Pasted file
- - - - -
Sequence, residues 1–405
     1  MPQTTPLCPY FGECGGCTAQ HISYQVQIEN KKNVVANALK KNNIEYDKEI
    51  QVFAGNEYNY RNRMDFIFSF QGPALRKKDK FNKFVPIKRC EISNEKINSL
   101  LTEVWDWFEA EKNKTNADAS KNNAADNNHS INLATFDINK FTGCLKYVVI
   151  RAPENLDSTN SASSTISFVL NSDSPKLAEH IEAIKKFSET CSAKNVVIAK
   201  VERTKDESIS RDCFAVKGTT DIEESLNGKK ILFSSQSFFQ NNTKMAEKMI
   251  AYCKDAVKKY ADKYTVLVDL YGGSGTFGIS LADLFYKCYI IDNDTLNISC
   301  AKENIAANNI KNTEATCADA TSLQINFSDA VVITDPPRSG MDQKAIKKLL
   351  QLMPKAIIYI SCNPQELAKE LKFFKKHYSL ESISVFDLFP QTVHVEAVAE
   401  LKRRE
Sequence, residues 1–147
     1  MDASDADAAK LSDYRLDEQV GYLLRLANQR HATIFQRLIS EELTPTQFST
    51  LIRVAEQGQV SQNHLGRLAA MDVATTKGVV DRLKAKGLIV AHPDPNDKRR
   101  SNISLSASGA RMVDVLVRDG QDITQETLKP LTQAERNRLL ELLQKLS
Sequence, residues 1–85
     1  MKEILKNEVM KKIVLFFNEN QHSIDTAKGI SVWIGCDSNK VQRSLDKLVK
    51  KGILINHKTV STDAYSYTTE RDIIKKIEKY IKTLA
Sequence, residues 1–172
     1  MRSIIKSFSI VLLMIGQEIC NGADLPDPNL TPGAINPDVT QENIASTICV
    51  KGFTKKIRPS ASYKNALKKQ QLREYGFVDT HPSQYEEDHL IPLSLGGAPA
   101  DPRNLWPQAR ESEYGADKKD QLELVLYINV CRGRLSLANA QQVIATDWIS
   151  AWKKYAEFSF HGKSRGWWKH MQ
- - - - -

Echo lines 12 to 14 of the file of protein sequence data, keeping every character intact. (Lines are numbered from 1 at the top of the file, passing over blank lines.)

     1  MDASDADAAK LSDYRLDEQV GYLLRLANQR HATIFQRLIS EELTPTQFST
    51  LIRVAEQGQV SQNHLGRLAA MDVATTKGVV DRLKAKGLIV AHPDPNDKRR
   101  SNISLSASGA RMVDVLVRDG QDITQETLKP LTQAERNRLL ELLQKLS